Psychologists think about long-term memory as organised into schemas, or interconnected webs of concepts, facts, impressions and ideas. The most successful learning happens when students can piece the jigsaw together and see how their learning links together. Schemas ensure effortless access to basic facts and concepts that are repeated over and over in our subjects. Daniel Willingham says, “The more you know, the easier it will be for you to learn new things.” This is the advantage that our students with good cultural/general knowledge have. We need to ensure we help build this for all.
Absence of a relevant schema means students must use less process-intensive strategies and because they can’t chunk the material effectively, their working memory can easily become overloaded. Remember, our working memory can only hold 3-5 pieces of information at any one time, so we need to help students develop schemas to avoid their working memory being overloaded.
Research shows that when we transfer information from our working memory to our long-term memory, learning takes place.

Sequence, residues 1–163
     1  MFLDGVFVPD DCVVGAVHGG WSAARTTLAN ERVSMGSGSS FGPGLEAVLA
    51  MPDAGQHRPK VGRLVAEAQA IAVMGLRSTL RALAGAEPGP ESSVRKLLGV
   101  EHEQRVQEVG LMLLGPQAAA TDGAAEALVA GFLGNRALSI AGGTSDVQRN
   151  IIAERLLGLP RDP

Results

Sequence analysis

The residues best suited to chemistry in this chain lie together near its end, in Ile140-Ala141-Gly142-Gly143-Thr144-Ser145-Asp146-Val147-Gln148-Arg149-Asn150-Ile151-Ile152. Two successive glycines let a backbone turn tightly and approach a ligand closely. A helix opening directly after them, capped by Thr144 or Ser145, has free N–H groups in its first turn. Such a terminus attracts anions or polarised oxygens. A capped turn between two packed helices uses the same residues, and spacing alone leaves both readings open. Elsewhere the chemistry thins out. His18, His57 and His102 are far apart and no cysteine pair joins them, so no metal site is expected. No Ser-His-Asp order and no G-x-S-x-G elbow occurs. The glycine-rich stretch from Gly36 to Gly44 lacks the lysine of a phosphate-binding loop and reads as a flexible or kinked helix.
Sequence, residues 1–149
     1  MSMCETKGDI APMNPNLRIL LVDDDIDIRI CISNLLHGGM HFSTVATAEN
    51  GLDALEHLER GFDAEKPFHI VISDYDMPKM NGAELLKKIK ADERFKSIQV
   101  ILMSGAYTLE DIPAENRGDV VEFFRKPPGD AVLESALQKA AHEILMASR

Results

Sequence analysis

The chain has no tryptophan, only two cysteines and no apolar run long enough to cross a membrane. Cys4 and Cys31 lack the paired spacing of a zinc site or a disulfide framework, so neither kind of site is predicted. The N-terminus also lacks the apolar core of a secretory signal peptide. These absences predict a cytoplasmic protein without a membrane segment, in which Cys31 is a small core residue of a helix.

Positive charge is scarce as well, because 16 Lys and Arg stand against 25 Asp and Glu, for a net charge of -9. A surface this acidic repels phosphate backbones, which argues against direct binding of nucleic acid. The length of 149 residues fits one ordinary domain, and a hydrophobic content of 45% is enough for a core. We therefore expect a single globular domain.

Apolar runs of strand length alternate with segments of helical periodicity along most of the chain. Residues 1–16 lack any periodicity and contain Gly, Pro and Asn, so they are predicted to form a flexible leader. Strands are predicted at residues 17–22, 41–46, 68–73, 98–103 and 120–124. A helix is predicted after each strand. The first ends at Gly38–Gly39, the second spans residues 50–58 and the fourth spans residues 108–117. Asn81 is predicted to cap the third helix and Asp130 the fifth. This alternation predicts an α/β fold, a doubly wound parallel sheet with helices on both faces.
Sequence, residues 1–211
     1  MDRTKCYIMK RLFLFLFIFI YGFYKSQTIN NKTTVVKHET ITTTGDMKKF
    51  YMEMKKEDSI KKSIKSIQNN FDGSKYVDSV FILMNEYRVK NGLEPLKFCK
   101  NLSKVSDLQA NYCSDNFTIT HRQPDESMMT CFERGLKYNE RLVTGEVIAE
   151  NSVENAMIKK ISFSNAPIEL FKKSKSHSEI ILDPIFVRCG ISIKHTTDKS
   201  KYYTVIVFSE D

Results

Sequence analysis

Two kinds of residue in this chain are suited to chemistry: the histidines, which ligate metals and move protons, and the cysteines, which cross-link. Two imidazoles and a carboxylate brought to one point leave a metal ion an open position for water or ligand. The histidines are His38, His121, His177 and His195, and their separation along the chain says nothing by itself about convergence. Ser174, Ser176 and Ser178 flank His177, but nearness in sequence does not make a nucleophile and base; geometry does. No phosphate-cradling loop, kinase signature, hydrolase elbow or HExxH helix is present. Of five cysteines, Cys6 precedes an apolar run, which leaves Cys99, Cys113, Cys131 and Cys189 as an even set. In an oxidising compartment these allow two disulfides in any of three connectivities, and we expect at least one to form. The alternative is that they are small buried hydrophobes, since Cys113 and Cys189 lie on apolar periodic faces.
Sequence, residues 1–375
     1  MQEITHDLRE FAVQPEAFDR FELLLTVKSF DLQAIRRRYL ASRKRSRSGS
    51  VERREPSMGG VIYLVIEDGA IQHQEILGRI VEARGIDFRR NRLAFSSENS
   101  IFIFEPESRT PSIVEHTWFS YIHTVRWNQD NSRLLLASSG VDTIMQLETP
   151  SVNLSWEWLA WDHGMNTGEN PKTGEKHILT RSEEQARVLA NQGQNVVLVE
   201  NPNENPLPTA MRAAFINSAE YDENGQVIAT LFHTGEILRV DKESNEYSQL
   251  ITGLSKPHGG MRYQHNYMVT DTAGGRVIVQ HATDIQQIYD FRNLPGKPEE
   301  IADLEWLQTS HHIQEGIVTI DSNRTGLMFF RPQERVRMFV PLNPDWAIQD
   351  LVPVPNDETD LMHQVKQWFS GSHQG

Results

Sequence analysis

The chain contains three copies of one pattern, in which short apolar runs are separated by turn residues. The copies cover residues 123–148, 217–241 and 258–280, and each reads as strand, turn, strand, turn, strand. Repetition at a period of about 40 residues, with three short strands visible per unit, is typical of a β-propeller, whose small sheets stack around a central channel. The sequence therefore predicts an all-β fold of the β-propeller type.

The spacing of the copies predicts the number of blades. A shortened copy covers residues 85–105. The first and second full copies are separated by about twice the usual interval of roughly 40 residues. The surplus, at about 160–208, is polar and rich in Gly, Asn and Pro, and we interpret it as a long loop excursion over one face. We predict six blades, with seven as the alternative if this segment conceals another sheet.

What does it look like?
Daniel Willingham says, “Memory is the residue of thought”. This means that students must be motivated and paying attention to their learning so that they process their learning. If they think about it and we challenge them, they’ll remember it. If we make learning too easy, it’ll be lost. This is known as desirable difficulties - the harder our brain works and the more we think, then the more we remember. Engagement and challenge are key, so cooperative learning strategies to encourage talk for learning are important.
Students as Partners in Learning
To develop students as partners in the learning process requires us to create a culture where opt-out is removed and students are trained to be self-regulated learners. They need to understand how they learn and confidently use strategies to plan, monitor and evaluate their work. Our most effective learners model these behaviours, but we need to model these explicitly for all students.